More on Text Complexity – this time in students’ free reading
In my last response to this NPR article, I wrote about the complexity of texts used in the Language Arts classroom. I decided to break my response into two parts when I realized that I had SO MUCH TO SAY that I could basically go through and argue each point line by line. I won’t do that to you; we’d all be bored. However, even though I do have a lot more to say about text complexity, let me make my main point clear:
“Reading leads to reading, says Silvey. It’s when kids stop reading, or never get started in the first place, that there’s no chance of ever getting them hooked on more complex books.”
We need the students to be READERS, first, and to worry about WHAT they are reading second, or third, or maybe even not at all. For an interesting take on this, you may want to go read this article at Book Riot. When students are encouraged to pursue their personal interests and given open access to a wide variety of well marketed, attractive reading materials, most will become readers with very little coercion on the part of adults.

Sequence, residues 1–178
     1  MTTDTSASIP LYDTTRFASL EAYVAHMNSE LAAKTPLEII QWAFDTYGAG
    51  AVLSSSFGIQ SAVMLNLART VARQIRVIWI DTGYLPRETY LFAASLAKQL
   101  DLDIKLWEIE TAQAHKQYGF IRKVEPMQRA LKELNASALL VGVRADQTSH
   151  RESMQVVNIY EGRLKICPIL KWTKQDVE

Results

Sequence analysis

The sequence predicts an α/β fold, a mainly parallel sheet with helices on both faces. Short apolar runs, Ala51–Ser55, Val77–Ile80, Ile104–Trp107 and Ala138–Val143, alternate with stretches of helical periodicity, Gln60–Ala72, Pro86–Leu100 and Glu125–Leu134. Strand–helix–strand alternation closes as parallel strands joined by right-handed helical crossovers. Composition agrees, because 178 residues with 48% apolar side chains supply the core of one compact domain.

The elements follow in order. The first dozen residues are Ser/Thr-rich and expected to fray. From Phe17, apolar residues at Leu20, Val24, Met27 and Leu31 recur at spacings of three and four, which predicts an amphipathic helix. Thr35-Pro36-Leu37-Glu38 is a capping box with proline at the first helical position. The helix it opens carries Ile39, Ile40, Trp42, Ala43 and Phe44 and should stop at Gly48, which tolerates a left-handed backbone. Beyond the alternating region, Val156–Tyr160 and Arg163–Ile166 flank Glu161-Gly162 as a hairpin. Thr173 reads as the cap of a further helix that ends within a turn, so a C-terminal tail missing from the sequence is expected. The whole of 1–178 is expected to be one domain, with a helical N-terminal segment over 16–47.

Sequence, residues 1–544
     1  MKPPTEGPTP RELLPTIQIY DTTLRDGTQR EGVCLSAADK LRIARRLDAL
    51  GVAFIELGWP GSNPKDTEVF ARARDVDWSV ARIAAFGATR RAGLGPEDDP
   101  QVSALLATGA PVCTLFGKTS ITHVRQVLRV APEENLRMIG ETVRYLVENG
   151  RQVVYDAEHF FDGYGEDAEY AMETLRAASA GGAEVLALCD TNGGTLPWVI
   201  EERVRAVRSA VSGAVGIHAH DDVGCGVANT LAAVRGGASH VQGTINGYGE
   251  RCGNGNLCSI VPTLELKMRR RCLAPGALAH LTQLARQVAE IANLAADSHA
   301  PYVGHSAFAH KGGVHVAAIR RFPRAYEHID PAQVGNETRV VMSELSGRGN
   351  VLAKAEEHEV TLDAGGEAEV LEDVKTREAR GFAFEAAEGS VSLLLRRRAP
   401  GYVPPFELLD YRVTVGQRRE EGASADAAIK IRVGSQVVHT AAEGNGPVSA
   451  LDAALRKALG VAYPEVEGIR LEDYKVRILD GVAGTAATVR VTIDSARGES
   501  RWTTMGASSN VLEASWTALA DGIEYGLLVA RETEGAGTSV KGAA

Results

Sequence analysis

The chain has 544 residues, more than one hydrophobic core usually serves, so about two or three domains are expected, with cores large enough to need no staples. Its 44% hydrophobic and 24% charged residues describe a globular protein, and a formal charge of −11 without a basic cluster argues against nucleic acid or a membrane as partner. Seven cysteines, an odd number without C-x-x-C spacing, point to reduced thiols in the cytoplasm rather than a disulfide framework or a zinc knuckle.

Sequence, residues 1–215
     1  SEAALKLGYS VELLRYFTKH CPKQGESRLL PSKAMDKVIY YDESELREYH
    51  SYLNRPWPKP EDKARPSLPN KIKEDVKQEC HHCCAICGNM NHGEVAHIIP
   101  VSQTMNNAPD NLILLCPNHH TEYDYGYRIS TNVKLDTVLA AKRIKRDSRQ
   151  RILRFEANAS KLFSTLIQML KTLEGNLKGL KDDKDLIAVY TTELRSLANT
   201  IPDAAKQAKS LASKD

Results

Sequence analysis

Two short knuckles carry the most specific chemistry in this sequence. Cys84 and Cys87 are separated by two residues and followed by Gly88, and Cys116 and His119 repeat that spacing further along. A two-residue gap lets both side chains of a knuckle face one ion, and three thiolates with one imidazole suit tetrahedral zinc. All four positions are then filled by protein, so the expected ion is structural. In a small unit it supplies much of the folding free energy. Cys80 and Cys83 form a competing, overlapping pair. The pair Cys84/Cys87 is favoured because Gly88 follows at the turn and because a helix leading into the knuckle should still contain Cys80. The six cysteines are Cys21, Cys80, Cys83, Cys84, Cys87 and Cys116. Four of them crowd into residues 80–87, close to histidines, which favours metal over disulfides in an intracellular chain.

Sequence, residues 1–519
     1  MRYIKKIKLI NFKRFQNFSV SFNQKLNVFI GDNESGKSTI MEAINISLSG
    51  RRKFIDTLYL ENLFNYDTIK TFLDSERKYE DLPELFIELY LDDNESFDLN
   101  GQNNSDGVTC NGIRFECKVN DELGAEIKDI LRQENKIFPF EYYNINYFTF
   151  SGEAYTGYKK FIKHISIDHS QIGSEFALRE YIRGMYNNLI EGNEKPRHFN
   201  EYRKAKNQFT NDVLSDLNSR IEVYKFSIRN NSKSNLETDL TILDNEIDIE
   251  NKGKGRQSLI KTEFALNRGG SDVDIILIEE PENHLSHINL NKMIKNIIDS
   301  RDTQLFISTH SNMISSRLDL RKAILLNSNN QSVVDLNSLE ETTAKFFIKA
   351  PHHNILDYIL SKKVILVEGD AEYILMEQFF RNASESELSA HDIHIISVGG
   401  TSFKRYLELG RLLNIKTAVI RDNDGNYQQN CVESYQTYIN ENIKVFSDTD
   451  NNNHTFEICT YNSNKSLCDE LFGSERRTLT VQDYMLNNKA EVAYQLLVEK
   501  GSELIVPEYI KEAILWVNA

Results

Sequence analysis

For an illustration of what this looks like, I present to you the materials my nephew (aged 11 – almost 12, about to enter 6th grade) was reading when he came for a visit last week. Some of these were books he brought with him, some were books I had purchased at my school’s book fair, some were purchased at the local book store on his first day here:
Would it be ideal for my students to read ever more increasingly complex materials? Maybe. If they remained engaged and involved readers who were exposed to a variety of ideas and information that would help them to become well educated, actively participating, empathetic members of society. But at any level, I agree with Silvey – reading leads to reading – and that is what’s important.
About Karen Jensen, MLS
Karen Jensen has been a Teen Services Librarian for almost 30 years. She created TLT in 2011 and is the co-editor of The Whole Library Handbook: Teen Services with Heather Booth (ALA Editions, 2014).
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